Capitals put the Rangers on ice

Capitals put the Rangers on ice
April 23, 2011, 9:37 pm
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Saturday, April 23, 2011 5:48 p.m.
Updated at 7:56 p.m.

By Mark Zuckerman
Staff Writer

Inside the home locker room at Verizon Center before the start of Game 5 Saturday, Capitals coach Bruce Boudreau saw a bunch of players frothing at the mouths to go out and attempt to win this series in front of a rabid home crowd.

Given the history of this franchise, most notably last season's first-round collapse against the Canadiens in an identical situation, there was reason to worry about the Caps' ability to seize these kind of moments. But given what else had been going on around the NHL in recent days, the last thing Boudreau wanted was a locker room full of over-amped players.

"We were a little worried, because I think it was nine road teams in a row have won games in the last three days," the coach said. Then Tampa comes in and beats Pittsburgh 8-2 earlier Saturday. We tried to calm the players down before the game, rather than ramping them up. I don't know the reason for it, but maybe the home teams are getting so excited playing in front of their crowds that it's almost being detrimental. So we tried to calm them down."

If the Capitals squad that emerged on the ice moments later and dominated the opposition en route to a series-clinching, 3-1 victory was calmed down, imagine what the amped-up version might have looked like.

"They played maybe the best period of their career in the first period," Boudreau said.

Indeed they did. Washington stormed out of the gates, got an early power-play goal from Mike Green and never eased off the gas pedal in dispatching the Rangers before an ecstatic crowd of 18,398 that serenaded the Rangers with chants of "Can you hear us?" and "We are louder" straight through the final horn.

And just like that, a first-round series that might have been teetering on the brink two periods into Game 4 at Madison Square Garden (where New York fans hammered away at Boudreau with similar taunts) was over. For the first time in 13 years, the Capitals won a playoff series in less than seven games.

Whether or not this five-game victory catapults the Eastern Conference's top-ranked team to even greater heights, the Caps can sleep comfortably knowing they've overcome their biggest demon from one season ago.

"There's a little bit of relief," defenseman Karl Alzner said. "We are a complete different team this year. The whole circumstance is different. But it is nice to get a round out of the way."

The Capitals did so by taking control of Game 5 from the moment the puck dropped. Forty seconds in, Alex Ovechkin nearly scored on a breakaway. Five minutes in, having already played almost the entire game to that point in New York's zone, they went on a power play. And seconds later, Green took a pass from Ovechkin, slid the puck into the crease and watched as Rangers defenseman Dan Girardi kicked it into the net for the afternoon's first goal.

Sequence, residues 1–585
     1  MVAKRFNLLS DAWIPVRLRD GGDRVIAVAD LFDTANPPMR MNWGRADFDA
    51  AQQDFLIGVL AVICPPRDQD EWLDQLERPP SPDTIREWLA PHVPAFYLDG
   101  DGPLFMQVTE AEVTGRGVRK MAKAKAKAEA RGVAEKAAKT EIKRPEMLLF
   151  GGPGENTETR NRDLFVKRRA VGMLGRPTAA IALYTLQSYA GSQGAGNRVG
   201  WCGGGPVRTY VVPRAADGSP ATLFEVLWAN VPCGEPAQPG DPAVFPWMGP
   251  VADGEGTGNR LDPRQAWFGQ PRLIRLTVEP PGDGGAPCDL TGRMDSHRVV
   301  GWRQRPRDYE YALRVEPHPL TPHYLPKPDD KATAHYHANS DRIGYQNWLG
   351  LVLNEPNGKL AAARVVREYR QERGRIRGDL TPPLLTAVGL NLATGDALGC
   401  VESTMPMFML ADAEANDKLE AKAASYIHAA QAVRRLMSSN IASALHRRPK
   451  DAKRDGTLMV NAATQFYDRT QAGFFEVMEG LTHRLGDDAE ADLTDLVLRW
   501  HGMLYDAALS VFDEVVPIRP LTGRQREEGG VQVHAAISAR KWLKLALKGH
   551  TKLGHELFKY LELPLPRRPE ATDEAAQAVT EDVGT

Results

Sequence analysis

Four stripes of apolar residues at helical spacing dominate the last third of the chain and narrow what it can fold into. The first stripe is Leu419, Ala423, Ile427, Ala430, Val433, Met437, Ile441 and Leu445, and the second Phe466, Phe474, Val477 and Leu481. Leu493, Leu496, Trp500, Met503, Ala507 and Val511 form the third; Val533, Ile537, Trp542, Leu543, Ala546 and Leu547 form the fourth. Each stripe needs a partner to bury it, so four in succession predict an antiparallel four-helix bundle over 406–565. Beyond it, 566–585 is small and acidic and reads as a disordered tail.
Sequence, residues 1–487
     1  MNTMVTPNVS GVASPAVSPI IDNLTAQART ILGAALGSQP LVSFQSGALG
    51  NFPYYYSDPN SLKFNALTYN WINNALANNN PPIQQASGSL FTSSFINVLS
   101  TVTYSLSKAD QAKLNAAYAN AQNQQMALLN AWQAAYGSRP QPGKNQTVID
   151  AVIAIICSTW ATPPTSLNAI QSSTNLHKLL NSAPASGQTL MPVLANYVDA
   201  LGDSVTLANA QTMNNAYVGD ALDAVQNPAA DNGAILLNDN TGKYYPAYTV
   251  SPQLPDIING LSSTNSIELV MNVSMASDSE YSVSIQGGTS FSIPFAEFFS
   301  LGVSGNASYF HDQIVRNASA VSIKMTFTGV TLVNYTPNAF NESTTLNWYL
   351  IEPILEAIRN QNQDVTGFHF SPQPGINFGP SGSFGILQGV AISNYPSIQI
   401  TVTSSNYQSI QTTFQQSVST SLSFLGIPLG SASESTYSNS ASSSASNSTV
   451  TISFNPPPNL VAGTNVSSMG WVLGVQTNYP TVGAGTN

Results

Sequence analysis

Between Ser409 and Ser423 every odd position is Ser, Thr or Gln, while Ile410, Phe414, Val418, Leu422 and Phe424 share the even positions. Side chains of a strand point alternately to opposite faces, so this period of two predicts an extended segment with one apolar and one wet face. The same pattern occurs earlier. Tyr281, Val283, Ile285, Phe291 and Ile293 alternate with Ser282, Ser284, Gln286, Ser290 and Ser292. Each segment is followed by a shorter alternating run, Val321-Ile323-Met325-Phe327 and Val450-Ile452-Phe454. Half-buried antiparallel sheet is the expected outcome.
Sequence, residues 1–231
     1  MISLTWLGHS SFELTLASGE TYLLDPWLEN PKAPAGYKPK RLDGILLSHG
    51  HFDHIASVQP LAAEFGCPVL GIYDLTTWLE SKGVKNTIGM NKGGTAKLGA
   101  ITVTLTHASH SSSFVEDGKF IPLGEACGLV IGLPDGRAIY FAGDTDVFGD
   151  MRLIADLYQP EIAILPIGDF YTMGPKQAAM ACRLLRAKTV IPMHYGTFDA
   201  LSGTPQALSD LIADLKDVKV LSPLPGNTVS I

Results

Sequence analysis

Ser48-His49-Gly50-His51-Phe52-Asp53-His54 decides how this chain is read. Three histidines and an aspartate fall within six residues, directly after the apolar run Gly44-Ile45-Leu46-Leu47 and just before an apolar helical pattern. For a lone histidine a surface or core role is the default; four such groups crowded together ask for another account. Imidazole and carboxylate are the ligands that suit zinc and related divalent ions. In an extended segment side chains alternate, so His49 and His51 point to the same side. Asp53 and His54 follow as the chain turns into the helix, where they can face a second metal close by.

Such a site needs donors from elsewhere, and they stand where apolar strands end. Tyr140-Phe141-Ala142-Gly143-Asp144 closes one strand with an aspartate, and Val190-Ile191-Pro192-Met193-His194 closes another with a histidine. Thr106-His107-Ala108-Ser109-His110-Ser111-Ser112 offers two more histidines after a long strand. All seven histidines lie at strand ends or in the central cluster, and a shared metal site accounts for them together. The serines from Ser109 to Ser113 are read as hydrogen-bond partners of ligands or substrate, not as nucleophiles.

The crowd roared with approval. The Rangers took out their frustration on the Caps, with Brandon Dubinsky and Chris Drury instigating a fight behind the net.

"We got a good start," center Marcus Johansson said. "We played hard, and we got the puck deep. We didn't give them much breathing room in the first 10 minutes, and I think we got them a little tired."

By the end of the period, the Caps were out-shooting the Rangers 13-6. By the midway point of the second period, after Ovechkin had scored on a nifty maneuver around Marc Staal and Henrik Lundqvist, the shot differential was 17-7.

Much as New York tried to mount a comeback, the Capitals wouldn't let them even sniff the possibility. What few shots were attempted by the road club were stuffed by goalie Michal Neuvirth, who continued to quietly dominate this series.

The 23-year-old netminder, appearing in his first NHL playoff series, wound up stopping 94.3 percent of shots fired at him. He allowed one goal in three games at Verizon Center until the Rangers finally tallied one in the final minute Saturday.

"I'm telling you, a lot of people don't know his name too much, outside of our circles," Boudreau said. "But he's a heck of a goalie."

Neuvirth was on the receiving end of more cheers than perhaps anyone else Saturday. Though by the time Alexander Semin scored late to make it 3-0, it was difficult to distinguish one cheer from another. The crowd essentially offered up one sustained roar until the final horn sounded.

"That was amazing," Neuvirth said. "After we scored the third goal, that was the loudest place I've ever been. It was special."

The Capitals will have to find a way to sustain this momentum through what is likely to be a long period of downtime. They won't know the name of their second-round opponent (Buffalo, Montreal, Tampa Bay or Pittsburgh) until Sunday evening at the earliest, and they may not know until Wednesday evening. No matter the opponent, the next series isn't likely to begin until Friday or Saturday.

By then, the Caps will have had plenty of time to soak up the joy they experienced Saturday in finally winning a short series, not to mention plenty of time to prepare for what still lies ahead.

"It's not over yet," Ovechkin said. "It's just one step."

Contact Mark Zuckerman at and on Twitter @MarkZuckerman.